JOHN MENADUE. Chilcot – The Iraq war and Murdoch’s war on critics. (Repost)

Jul 10, 2017

On 1 July 2014, I posted a story about the role of News Corp and Rupert Murdoch in the Iraq disaster. The Chilcot Report confirms even more how News Corp publications misled readers and viciously attacked their opponents.  News Corp demonstrated that it is indeed a rogue organisation.  See repost below:

In my blog of 23 June, 2014, I quoted from Rod Tiffen’s book, ‘Rupert Murdoch, an Assessment’ that News Corp is a ‘rogue corporation’ that the problem is much more than some rogue journalists and managers. The problems are endemic in this rogue company. In that blog I also described how News Corp works, and in particular how it attacks its critics or indeed almost anyone who disagrees with it.

Apart from the dreadful telephone hacking saga, there is probably no more obvious example of how News Corp works than the way it supported George Bush’s invasion of Iraq, assisted by Australia. Before the invasion, during it and in the years since, News Corp has never confessed to error, its unprofessionalism and its abuse of media power. Such media organisations as the Washington Post, the New York Times and the Economist have all apologised for their mistaken assessments and their encouragement of the invasion of Iraq, and its terrible consequences, particularly for the Iraqi people, the region and even the lives of the invaders. The news gets worse every day and for which News Corp and others bear a very heavy responsibility. But no remorse is shown within the rogue company.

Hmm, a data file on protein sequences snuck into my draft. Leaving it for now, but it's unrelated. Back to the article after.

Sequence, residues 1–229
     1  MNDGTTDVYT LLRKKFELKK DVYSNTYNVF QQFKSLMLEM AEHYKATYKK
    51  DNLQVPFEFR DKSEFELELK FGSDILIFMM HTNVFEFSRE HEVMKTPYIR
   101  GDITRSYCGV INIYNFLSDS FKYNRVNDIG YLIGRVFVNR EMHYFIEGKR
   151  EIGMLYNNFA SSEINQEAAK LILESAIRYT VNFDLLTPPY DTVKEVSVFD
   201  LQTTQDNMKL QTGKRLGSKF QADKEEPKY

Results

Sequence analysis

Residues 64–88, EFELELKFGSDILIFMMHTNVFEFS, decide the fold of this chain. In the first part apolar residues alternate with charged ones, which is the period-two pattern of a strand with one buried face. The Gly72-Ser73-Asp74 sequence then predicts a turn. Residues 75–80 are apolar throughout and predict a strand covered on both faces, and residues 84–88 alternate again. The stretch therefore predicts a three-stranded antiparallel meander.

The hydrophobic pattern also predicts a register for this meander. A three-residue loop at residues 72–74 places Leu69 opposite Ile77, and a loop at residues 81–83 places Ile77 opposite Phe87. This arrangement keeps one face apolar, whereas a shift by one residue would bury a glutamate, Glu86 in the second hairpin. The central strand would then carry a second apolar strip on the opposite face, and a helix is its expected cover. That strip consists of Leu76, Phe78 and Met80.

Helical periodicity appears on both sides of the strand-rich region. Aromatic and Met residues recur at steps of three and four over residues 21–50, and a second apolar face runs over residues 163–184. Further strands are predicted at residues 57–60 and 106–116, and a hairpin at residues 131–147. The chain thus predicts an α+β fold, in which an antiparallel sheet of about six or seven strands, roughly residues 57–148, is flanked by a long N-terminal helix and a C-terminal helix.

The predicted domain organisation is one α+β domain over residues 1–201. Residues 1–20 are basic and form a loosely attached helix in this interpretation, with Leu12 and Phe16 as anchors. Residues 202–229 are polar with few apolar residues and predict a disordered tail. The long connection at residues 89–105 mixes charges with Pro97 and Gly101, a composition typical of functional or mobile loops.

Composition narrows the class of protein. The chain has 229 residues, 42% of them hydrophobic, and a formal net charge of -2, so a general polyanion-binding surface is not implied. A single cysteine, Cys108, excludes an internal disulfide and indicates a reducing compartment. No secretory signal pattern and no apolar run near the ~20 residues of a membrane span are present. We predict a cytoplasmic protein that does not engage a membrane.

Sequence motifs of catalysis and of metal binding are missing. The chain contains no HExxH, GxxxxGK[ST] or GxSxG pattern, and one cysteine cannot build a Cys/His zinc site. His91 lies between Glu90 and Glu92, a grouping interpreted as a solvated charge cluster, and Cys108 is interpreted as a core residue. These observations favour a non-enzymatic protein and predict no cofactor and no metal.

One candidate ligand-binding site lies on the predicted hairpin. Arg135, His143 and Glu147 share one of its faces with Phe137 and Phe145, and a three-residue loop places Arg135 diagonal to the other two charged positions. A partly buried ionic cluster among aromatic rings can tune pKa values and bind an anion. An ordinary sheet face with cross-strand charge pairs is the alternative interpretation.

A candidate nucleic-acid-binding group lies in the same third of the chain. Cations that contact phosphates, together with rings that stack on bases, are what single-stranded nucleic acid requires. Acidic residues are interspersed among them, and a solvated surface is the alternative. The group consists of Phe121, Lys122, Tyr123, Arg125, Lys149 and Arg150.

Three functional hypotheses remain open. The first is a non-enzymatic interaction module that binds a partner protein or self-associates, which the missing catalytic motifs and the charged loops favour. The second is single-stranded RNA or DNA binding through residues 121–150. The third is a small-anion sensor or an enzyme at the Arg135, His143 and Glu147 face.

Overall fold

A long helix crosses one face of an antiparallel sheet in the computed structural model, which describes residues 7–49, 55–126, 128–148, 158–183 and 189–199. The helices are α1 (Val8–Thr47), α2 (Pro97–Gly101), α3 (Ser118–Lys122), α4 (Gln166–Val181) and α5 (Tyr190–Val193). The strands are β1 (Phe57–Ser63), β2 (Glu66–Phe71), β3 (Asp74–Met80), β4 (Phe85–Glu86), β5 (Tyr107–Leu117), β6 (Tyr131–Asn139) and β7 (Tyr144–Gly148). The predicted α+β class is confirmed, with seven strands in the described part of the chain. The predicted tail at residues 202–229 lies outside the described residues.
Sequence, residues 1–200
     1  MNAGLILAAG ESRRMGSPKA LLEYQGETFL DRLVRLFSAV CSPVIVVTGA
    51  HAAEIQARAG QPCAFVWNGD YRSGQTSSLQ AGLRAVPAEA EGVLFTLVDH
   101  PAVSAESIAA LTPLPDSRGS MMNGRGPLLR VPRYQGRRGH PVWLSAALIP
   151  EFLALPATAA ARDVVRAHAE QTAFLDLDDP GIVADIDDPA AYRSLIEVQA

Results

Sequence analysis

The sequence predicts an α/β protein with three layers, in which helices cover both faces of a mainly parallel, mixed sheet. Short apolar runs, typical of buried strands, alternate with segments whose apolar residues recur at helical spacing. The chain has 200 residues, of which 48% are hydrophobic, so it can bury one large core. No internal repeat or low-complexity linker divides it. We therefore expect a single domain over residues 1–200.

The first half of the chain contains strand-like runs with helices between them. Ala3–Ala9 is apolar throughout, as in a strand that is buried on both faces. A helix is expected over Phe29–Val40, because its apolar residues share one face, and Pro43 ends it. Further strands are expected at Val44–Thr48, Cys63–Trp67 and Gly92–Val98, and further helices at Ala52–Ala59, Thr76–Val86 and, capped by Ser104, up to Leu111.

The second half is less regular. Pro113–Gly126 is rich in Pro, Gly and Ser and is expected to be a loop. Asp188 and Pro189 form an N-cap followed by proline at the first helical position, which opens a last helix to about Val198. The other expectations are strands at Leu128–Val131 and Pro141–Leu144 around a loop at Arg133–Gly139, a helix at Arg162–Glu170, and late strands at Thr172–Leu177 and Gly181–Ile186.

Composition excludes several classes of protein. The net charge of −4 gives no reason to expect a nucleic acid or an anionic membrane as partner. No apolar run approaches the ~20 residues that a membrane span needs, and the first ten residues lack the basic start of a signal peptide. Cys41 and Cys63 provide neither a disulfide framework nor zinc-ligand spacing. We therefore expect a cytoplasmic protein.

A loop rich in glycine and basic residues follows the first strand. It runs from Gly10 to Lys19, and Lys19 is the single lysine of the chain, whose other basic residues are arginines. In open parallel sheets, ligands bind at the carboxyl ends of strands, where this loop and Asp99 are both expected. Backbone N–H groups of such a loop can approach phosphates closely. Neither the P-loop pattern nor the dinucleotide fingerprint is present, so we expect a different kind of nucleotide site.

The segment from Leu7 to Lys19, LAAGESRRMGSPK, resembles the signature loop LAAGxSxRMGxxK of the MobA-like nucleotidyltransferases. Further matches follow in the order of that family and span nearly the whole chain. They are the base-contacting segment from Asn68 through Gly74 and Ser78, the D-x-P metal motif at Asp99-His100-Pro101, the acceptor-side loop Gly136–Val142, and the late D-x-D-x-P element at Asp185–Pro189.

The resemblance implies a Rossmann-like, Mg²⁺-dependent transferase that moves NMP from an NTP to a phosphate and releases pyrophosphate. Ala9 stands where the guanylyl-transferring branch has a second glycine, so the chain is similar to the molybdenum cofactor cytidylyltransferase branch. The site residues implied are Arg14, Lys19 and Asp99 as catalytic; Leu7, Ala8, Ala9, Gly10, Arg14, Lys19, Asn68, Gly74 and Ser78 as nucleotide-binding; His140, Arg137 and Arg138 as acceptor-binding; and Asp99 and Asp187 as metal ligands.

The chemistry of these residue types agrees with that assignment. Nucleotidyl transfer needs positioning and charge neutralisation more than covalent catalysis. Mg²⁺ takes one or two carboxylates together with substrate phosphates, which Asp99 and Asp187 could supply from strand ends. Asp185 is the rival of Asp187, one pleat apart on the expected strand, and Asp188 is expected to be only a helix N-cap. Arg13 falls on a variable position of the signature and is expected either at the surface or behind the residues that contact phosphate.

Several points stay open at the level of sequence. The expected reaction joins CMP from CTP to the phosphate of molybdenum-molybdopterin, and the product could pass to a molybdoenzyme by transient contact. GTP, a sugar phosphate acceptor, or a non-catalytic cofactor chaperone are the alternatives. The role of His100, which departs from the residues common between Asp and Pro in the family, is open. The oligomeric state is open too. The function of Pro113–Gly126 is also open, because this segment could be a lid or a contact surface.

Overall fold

News Corp  hopes that we will forget and believe that it still has credibility when it seeks to discredit the overwhelming scientific evidence on global warming.

Just consider what News Corp told us about the Iraq war – and it is best to start at the top with Rupert Murdoch. He said in 2003 ‘We can’t back down now where you hand over the whole of the Middle East to Saddam. … I think Bush is acting very morally, very correctly. … The greatest thing to come of this to the world economy, if you could put it that way, would be $US20 a barrel for oil.’ (Bulletin, 12 February 2003) What a give-away line this is about Murdoch’s real motives; plundering Iraq for its oil.

He added a few weeks later ‘We worry about what people think about us too much in this country, [the US]. We have an inferiority complex it seems. I think what’s important is that the world respects us … The US troops would soon be welcomed as liberators.’ (Associated Press, 3 April 2003)

When things fell into chaos, Murdoch said ‘Australia had no choice but to see the job through. The situation in Iraq has been misrepresented. … There’s tremendous progress in Iraq. All the kids are back at school, 10% more than when Saddam Hussein was there. There’s 100% more fresh water. … Most of Iraq is doing extremely well.’ (ABC radio Sydney, 7 April 2004)

Murdoch’s New York Post described France and Germany as the ‘axis of weasels:’ for opposing the invasion of Iraq. It added that the State Department was part of the ‘surrender lobby’.